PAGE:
As soon as we lugged all of our stuff into the building, we split up. Seal would return the zippy and finish up some freelance work, while Monkey went about setting up tables and chairs for the Fest, and helped direct the volunteers.

By 9:30, other exhibitors began to come in, and while there was a bit of a delay due to the building not having enough 6-foot tables, we worked around it by using blocks of 8-foot tables and subdividing them into 6-foot spaces. Francois from Family Style, the lead organizer then started checking people in, and Monkey was then left to set up the table for the show.

By 10:30 or so, Monkey had the table set-up and started talking with neighbors (like the ever-friendly Kimmy Phi) and suddenly realized that he had forgotten our new product - the collaboration Steampunk Animal postcards! Oh nos! Fortunately, Seal was still at home working, so after a few phone calls, Seal had packed some cardboard and Simple Green (other things left behind necessary for the printing workshop), and the postcards, and would be on her way via bus.

The public started walking in about 10 minutes early (as they tend to do), and from then on, it was a fast 7 hours of talking with people who would stop by our table, trying to stay hydrated and well-fed, while we worked our creative magic during the live painting. Monkey painted a new zombie girl while the traffic was slow, but ended up stopping early as we fortunately got a lot of people stopping by for the rest of the Fest. We got lots of compliments on our new shirts, and were vastly unprepared for the positive response. We had ordered 17 extra shirts (besides the ones that were already sold via pre-order) and of those we had 3 misprints (which we sold at steep discounts). By the end of the Saturday, we had 4 shirts left and had sold out of the misprints.

Monkey was away from the table from about 3-5, as he was busy prepping, running, and then cleaning up after the silkscreen workshop. People seemed to enjoy it, and Monkey is happy to announce that he'll be soon running a more hands-on workshop at Big Umbrella Studios in the very near future. Unfortunately, he bit off a bit more than he could chew and some ink got dried up in some of his screens. While this can be a bit costly of a mistake if he can't get the ink out via power-washer, it is a good lesson learned on how to run the workshop in the future!

After we wrapped up the day at 6pm, we headed out via bus to the Mission district where there was an after-party mixer at Mission:Comics and Art, a cool new-ish space down on 20th st. Before going to the mixer we stopped by our favorite Mexican joint Mariachi's. After two big burritos there, we headed over to the mixer and got to hang out with the Family Style crew, as well as new friends Liz and Donna. We then headed home around 10.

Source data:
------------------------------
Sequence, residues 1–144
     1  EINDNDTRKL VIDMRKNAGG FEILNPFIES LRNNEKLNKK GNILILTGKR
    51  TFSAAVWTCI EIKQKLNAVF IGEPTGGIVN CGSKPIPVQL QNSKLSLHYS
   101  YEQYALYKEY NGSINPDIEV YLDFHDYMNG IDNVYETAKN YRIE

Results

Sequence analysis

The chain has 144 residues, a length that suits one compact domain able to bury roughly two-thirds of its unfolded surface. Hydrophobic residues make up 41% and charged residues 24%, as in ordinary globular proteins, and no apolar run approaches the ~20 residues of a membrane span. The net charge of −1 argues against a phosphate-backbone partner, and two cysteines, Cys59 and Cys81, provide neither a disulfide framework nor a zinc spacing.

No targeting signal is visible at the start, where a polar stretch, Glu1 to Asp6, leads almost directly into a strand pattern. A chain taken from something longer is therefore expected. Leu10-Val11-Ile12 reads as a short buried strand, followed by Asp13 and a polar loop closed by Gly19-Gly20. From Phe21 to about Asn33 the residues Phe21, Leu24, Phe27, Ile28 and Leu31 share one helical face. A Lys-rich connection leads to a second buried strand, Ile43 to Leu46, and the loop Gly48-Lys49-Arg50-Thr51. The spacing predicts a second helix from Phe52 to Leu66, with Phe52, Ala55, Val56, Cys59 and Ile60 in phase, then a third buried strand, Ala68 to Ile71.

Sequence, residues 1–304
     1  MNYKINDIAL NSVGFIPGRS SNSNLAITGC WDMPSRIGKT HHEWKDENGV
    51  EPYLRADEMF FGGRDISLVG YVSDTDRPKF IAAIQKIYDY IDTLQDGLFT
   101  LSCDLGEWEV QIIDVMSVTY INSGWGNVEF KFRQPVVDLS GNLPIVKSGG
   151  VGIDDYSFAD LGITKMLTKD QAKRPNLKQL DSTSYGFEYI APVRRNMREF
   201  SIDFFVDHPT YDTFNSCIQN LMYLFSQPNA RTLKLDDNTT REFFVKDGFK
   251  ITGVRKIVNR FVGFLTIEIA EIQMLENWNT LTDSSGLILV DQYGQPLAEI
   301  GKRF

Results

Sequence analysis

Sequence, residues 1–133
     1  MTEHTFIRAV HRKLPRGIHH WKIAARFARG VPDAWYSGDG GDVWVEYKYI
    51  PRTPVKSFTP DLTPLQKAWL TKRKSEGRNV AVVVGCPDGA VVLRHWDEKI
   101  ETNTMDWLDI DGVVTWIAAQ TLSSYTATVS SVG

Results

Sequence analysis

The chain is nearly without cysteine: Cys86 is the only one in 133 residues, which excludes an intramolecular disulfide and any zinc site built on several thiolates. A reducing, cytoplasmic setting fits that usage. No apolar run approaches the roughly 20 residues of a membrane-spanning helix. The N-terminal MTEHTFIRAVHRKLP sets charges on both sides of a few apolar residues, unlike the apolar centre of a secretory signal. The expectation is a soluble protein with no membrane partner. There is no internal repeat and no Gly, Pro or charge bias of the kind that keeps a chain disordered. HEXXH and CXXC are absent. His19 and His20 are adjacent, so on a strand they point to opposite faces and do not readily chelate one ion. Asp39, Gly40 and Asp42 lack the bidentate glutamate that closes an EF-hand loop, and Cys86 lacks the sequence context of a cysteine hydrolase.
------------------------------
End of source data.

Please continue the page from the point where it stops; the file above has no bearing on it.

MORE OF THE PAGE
We arrived back at our apartment around 11pm, then proceeded to print out more covers for the reprinted Bad Date Zine: No. 2. Monkey packed up more stuff to bring on Sunday for the bookbinding workshop he was running with bookbinding maverick Erin Fong. We then watched the latest episode of One Piece and then went to bed by 2am or so.

The next morning it was up at 8am. We were a bit late to catch the bus we wanted, but since most everything was set up, it wasn't a big deal and we ended up strolling into the Fest at 10:15. We set up the table again quickly (we had left most of the stuff locked in the building overnight) and Monkey then realized that he had foolishly only made singled-sided copies of BDZ2, effectively leaving out half the zine! We couldn't do anything about it at that point, so we re-worked the table, spreading out a bit to fill the spot of the sold-out zine, and as more prints and the shirts sold out, tweaked and reworked the table throughout the day.

Monkey left again at 12:15 to set-up for the bookbinding workshop, and returned at 1:30 to assist Seal in staffing the table. Monkey went on an interview with journalists from City College, and they then stopped by the table to film Seal live painting. Monkey and Seal would switch off between talking to customers and painting/eating snacks, and Seal then took a break to go and get a vegetarian plate from a nearby Mediterranean place. After Seal returned, Monkey then took a quick jaunt around the Fest to see what else was being sold, and was bummed when he found out that Vegansaurus' own Laura Beck's zine was already sold out! Drats!

Finally, at 5:40, Seal took off to go pick up the zippy we had rented to bring all of our stuff home. Monkey took down the table a bit after 6 (hoping for that last-minute sale), and then assisted all the other fine Zine Fest volunteers who took down tables, stacked chairs, and swept the humungo hall. By 6:30, Seal was back with the zippy and we packed up, said our good-byes, and were off!

Whew! It was quite a weekend (and quite a long post), and we're now taking it easy this Monday and are probably going to head off to Green Apple Bookstore (of which we are proudly and affiliate for) to further immerse ourselves in cool books, comics, and indie literature. Thanks again for stopping by, and we hope to see you next year at Zine Fest '11!